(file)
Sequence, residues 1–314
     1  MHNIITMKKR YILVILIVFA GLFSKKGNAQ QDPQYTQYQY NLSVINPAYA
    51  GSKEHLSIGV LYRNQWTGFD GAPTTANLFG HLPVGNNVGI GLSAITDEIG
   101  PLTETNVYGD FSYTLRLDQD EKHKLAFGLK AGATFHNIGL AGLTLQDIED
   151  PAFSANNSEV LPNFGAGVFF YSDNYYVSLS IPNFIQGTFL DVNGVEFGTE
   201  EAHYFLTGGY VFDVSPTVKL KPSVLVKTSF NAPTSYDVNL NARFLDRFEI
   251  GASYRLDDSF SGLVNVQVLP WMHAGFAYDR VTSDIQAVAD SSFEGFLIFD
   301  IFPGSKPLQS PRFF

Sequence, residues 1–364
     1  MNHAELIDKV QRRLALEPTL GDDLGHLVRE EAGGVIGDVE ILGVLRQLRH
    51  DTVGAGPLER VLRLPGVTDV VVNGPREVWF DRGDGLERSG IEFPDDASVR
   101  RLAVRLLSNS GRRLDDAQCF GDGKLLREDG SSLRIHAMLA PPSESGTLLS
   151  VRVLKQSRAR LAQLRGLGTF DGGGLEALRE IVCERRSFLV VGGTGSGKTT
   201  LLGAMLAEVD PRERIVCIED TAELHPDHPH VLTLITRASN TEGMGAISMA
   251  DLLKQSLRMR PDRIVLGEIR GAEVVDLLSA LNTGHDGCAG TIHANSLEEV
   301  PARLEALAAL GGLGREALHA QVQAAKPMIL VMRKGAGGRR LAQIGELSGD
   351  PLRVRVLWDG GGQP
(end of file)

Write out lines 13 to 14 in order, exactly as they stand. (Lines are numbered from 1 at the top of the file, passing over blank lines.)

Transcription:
   151  VRVLKQSRAR LAQLRGLGTF DGGGLEALRE IVCERRSFLV VGGTGSGKTT
   201  LLGAMLAEVD PRERIVCIED TAELHPDHPH VLTLITRASN TEGMGAISMA